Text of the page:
Washington, DC: U.S. Department of Health and Human Services, Public Health Service, Centers for Disease Control and Prevention, National Institute for Occupational Safety and Health, DHHS (NIOSH) Publication No. 94-118, 1994 Jun; :1-2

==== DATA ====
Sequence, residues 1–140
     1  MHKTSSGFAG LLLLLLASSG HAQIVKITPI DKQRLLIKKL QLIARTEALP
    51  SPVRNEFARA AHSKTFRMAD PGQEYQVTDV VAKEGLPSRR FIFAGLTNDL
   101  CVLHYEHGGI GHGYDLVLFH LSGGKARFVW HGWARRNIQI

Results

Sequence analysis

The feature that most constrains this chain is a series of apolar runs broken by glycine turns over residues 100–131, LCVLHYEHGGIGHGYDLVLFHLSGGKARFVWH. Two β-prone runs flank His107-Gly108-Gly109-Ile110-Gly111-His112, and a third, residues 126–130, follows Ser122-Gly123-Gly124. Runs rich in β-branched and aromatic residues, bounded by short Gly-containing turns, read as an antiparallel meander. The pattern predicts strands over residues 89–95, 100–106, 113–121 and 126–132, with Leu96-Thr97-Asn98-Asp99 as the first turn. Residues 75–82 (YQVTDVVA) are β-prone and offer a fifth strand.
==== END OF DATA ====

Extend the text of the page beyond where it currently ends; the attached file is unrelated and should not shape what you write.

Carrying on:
Medical, dental, and veterinary professionals who work with nitrous- oxide (10024972) (N20) may be at risk for serious health effects due to their exposure. Human studies indicated that exposure to N2O may cause reduced fertility, spontaneous abortions, neurologic, renal, and liver disease, decreases in mental performance, audiovisual ability, and manual dexterity. Studies on exposure to N2O in animals during gestation indicated that such exposure can adversely affect offspring. The use of N2O scavenging systems can protect workers by venting unused and exhaled gas away from the work area. Recent studies indicated that use of these systems significantly reduced the risk of impaired fertility among female dental assistants exposed to N2O. However, even with these scavenging systems in place, N2O exposure levels can still be high as evidenced in a recent NIOSH Alert Report showing N2O exposures 12 times higher than the recommended limit in hospital operating rooms and more than 40 times the limit in dental operating rooms. Additional steps to reduce N2O exposure in the workplace included: monitoring anesthetic equipment every 3 months for leaks, monitoring air in the workers personal breathing zone, monitoring the environment, preventing leakage from anesthetic equipment through proper maintenance and inspection, using a scavenging system that includes securely fitting masks, sufficient flow rates, and properly vented vacuum pumps, adequate room ventilation (increasing airflow into room), using supplemental local ventilation to capture N20 at source, and implementing an education program describing N2O hazards and prevention measures.